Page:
It’s hard to pick just one or so. It’s been awhile we’ve been there, so every single one will be a good time, you know? We don’t have that luxury in the States that every morning you wake up in a different country. There’s some great festivals that we’re doing like Download in France and UK, Hellfest, Graspop,… some of the festivals we’re doing in Germany I’m really looking forward to. It’s just going to be a really great time!

https://www.facebook.com/ARTEConcert/videos/10154684886902060/

And your very last show will take place in Finland (at Nummirock, FYI), THE country of metal, that’s pretty cool!
Yeah, that’s going to be really cool. I think we’re going to catch a “red-eye”, like arriving at the hotel and catch some sleep and then go do the show. I think that’s going to be one of the most energetic shows… because those “end of tour shows”, when there’s a lot of traveling done, often times it’s one of the most “kick in the ass”, so it’s going to be awesome!

So, I heard that you’re now working on a sort of country cover album, am I right?
Well, what we’re doing is taking “outlaw country” and making it into “outlaw metal”. What people need to understand is that when you come on a heavy metal tour bus in the United States, is that you’re going to hear “outlaw country”: Waylon Jennings, Willie Nelson,… If you’re hanging out with a crowd before they come to metal shows, you’re going to hear “outlaw country”, they’re listening to Johnny Cash, Waylon Jennings, Willie Nelson… They’re listening to those outlaw artists. There’s respect from those artists for what we do in heavy metal and there’s a lot of respect in heavy metal artists for what they’ve done and are still doing. So we are taking those songs, making them heavy as hell, there are like at least 30 guests… Just to give you an example: we’re doing Ghostriders in the Sky, did it at Johnny Cash‘s cabin in Memphis, his son John Carter Cash and his wife are on that, Randy from Lamb of God is on it and me as well. Every song is stacked up with artists and the music is very heavy… some of the heaviest stuff that Devildriver has ever put out actually!

That sounds very promising!
Yeah, and that being said, it’s like the blending of two “outlaw” genres. Outlaw music is blues, black metal, punk, metal, psychobilly,… you know what I mean? It’s the stuff that’s underground, that’s not pop or popular. It’s important to do the genre justice and I think we’re going to do that.

That sounds really cool! I think it’s awesome when a band takes music from a total other genre and makes it their own and well, like you said “heavy as fuck”.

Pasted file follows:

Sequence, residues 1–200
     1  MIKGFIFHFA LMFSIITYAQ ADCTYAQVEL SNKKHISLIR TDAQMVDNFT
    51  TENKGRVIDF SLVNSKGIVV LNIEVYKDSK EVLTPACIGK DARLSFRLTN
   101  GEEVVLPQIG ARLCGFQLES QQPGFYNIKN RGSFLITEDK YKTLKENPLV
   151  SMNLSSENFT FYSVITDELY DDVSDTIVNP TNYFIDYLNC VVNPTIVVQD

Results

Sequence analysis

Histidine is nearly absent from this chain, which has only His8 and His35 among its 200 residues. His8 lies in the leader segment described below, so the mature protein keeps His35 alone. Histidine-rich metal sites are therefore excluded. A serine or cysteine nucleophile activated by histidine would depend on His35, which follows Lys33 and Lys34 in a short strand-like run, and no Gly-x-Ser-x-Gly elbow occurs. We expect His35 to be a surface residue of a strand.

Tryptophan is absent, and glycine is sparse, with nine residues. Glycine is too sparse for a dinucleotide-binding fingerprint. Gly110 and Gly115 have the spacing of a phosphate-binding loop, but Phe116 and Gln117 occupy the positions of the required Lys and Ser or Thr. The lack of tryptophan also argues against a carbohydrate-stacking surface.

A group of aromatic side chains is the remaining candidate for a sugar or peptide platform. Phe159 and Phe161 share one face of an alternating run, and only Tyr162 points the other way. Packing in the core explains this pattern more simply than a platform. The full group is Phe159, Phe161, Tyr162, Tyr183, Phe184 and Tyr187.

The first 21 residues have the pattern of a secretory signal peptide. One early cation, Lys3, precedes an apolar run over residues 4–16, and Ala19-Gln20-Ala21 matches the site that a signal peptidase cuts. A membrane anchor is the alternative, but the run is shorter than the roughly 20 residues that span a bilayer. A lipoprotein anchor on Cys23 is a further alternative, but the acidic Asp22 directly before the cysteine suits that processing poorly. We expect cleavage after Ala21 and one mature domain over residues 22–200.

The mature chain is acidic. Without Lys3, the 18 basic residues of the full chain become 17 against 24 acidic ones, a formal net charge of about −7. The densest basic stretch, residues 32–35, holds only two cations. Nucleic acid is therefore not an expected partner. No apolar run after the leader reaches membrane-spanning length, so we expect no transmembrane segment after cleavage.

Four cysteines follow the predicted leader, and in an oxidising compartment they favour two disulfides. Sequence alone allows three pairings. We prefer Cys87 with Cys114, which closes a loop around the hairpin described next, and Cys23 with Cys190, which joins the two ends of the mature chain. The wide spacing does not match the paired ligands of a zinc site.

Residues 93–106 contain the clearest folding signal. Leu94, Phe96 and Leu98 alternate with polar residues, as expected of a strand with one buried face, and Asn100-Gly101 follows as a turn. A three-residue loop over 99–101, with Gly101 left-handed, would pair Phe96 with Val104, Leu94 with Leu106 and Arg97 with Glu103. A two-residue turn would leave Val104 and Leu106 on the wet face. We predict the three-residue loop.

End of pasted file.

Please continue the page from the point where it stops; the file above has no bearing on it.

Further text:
Right, I think when people will hear the legends in the country, like June Carter and Johnny Cash‘s son, let’s just start there… But when you’ll hear the amount of guests from the heavy metal genre, from the outlaw country genre and legendary guests from the punk rock genre, like Lee Ving from Fear… I mean, I think that all the people that came to attention to what we were doing and were like “yeah we want to be part of this”… So yeah, it’s going to be very cool! That being said, we’re now starting to not talk about it too much, ’cause I just let people in a little bit about what is going on. But we haven’t given up all the names of people, names of the songs or the artwork and it’s not coming out ’till next year, so we’ll do some real press on it next year.

I’m guessing it’s going to be a difficult album to do live then since you have all of those guests?
Well, we’ll obviously do one or two of them live and we’re thinking on doing a tour with the whole record. In the different cities we can fly some guests out, we just don’t know how that’s going to go. It’s a very organic thing, we had some time off between tours and decided to do something cool so people didn’t have to wait 3 years between records from us. I anticipated 2 or 3 guests, just a few friends… I called Corey Taylor, Randy from Lamb of God, John Carter Cash… and now it turned into a complete monster with people calling me daily from different bands to be on it, you know. What would be a logistical nightmare, but I’m running it all myself, which is great cause a lot of the conversations are happening like at 11:30 at night or on Sundays, you know what I mean? Like speaking from artist to artist, so it’s becoming really cool and I think people are going to love it.

I’m sure we’ll love it indeed! Now, your debut album of Devildriver is soon to be 15 years old, are you planning to do some kind of anniversary tour like many bands do nowadays?
Nah, I’m too busy looking forward to look in the rear-view, my man. Even though people are talking to me to write a autobiography et cetera, but I have no time looking in the rear-view, I got to look forward.